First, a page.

Whichever, they were too close for Cho’s comfort. Moving slowly, she slid her hand into her leather hip-bag, an elongated messenger style bag that held her small tools and magics. By feel, she located a vial, a sun pattern etched onto one side. She pulled the stopper, sitting up quickly Cho threw the vial at what she recalled as nearest patch of trees.
As it hit she drew her knife and leapt to her feet. The vial’s contents splashed against bark and leaves, everywhere the liquid touched glowed with a bright blue tinged white light. The clearing was suddenly lit well enough for Cho to see her intruder, it was turned to the light, tall, thin and furry. It had looked at the light, Cho hadn’t, when it turned back Cho had a second to assess.
Dressed as male, some white fur, mostly black and gray with a striped tail. A Feliman, humanoid cat. Cho had seen them before, once in battle, a few times at inns or bars, and once at camp. That was the only time she’d been close to one, normally she was looking up at them on stage as they danced and stripped.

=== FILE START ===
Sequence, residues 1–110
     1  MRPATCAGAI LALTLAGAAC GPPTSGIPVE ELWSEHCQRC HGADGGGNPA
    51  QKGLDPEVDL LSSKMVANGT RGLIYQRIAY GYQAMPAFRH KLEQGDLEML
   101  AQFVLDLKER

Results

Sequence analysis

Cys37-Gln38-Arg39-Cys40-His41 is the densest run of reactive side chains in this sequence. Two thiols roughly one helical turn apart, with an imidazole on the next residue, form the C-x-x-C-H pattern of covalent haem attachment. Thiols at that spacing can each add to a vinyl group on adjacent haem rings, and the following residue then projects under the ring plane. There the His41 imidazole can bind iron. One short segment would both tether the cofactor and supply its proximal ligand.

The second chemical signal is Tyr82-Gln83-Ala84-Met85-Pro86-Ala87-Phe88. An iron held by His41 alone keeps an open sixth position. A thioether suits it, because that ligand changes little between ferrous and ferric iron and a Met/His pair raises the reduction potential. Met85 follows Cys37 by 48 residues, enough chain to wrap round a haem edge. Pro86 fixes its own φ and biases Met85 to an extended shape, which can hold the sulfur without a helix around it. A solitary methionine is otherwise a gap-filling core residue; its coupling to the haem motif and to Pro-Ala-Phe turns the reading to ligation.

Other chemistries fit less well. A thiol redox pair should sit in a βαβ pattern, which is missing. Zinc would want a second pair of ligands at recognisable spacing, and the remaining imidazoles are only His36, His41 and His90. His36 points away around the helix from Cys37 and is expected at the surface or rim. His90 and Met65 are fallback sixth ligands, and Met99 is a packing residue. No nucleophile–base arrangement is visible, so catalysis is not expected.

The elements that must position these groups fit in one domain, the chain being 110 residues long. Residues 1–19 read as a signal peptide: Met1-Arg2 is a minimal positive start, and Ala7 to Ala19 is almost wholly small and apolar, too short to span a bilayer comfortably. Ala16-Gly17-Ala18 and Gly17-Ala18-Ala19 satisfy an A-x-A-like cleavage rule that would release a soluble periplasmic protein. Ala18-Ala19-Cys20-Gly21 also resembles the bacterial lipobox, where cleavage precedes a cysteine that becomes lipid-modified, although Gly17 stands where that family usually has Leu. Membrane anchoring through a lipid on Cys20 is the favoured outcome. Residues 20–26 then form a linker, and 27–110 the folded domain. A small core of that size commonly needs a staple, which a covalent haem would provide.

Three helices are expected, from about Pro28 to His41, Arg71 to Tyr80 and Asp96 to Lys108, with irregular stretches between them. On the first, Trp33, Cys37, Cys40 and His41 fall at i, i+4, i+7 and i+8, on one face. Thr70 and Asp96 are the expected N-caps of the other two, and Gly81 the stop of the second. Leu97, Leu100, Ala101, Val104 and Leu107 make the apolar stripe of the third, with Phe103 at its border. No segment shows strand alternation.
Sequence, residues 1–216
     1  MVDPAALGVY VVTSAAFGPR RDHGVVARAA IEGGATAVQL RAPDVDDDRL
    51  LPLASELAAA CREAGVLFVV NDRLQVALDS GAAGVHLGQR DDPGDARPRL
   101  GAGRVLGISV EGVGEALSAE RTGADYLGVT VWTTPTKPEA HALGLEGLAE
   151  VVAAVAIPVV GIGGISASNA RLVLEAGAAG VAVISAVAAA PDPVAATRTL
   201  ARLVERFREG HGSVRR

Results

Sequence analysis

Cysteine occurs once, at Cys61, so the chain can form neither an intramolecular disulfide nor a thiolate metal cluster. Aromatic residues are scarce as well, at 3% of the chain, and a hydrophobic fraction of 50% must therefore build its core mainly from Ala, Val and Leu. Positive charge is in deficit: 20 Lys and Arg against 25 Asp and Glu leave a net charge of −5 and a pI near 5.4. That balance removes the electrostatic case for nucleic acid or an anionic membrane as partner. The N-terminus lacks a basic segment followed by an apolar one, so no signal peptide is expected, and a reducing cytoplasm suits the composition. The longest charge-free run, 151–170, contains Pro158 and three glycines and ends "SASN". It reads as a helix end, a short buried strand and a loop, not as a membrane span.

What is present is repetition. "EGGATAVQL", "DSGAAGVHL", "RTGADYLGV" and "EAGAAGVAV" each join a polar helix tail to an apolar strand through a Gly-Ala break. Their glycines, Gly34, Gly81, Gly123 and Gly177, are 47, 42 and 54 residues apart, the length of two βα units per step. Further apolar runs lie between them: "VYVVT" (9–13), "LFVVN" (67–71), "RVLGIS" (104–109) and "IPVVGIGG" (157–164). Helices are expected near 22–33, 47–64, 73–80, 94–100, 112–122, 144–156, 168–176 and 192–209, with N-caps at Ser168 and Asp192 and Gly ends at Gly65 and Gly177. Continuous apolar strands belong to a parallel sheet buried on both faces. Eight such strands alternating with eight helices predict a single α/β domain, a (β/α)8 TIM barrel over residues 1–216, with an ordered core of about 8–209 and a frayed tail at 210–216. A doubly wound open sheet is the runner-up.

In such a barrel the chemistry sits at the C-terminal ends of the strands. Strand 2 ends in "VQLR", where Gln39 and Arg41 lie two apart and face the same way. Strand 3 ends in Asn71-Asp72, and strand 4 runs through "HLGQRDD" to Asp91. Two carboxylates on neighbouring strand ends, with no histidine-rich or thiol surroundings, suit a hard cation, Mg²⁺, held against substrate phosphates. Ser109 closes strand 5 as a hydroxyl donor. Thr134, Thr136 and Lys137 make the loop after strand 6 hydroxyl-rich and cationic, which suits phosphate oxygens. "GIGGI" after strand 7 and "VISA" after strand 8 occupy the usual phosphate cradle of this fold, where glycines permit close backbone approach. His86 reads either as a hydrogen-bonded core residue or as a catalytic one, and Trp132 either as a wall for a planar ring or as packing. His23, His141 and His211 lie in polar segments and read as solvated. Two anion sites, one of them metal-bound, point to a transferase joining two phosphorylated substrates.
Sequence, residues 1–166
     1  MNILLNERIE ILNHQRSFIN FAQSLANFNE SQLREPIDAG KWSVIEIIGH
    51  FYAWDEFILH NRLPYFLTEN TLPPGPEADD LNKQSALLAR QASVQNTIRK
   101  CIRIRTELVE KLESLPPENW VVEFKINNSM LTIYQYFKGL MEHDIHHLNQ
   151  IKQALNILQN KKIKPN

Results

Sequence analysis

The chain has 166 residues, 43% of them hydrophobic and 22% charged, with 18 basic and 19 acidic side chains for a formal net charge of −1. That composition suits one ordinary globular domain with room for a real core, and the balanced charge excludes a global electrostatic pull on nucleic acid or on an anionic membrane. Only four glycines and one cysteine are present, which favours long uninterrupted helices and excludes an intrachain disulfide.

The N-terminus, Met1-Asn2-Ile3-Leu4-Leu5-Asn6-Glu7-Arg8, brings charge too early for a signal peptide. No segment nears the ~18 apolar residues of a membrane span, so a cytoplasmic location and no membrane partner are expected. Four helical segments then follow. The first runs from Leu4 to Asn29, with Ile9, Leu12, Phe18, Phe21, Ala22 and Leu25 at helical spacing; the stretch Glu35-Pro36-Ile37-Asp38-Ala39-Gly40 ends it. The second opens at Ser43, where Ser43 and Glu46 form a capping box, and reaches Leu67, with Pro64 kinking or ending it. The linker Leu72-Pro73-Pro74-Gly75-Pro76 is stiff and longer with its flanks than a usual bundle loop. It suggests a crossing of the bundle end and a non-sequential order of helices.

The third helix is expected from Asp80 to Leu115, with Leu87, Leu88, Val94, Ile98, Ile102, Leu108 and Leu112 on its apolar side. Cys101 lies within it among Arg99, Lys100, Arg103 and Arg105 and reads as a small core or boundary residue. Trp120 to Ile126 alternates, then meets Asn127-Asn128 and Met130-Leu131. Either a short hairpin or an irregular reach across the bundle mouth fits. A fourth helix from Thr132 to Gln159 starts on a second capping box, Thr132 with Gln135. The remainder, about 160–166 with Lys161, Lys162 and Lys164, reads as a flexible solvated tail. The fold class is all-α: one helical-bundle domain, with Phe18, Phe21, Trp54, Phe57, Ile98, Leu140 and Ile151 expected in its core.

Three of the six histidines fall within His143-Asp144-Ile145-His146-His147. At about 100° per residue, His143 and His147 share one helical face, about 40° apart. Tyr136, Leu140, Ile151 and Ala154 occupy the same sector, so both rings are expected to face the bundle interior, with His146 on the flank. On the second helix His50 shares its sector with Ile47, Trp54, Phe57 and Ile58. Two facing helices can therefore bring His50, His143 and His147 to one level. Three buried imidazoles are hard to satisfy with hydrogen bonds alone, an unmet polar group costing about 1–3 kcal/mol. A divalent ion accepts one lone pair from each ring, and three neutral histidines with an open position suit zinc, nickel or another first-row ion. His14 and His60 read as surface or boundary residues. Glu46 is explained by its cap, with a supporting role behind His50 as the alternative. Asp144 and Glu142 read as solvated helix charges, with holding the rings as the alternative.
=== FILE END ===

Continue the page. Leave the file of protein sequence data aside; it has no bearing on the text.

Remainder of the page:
He was well armed, with a crossbow strapped to his back, and a sword and a curved dagger. The latter was in his hand as he blinked and stared at Cho. Felimen were intelligent, they could speak the standard language known as Imperial, but this one clearly didn’t want to talk. He hissed, crouching down a little as he saw Cho was up and ready. He looked fit and dangerous, but he was also carrying a spade and an empty sack.
“What do you want?” Cho asked, as calmly as she could manage. His eyes narrowed, tail thrashing. Cho wondered if she could calm him by talking.
“Look, I don’t know you, let’s not …” He dropped the spade and sack from one hand and whipped the knife forward and leapt. Cho fell backwards catching his momentum on her legs she kicked him over her. She only just back up when he was on her again, his knife slashing, she caught it against her own blade and punched him under the chin. He rocked back, with his free hand he clawed up her side, shredding her shirt and creating four bleeding tears in her flesh.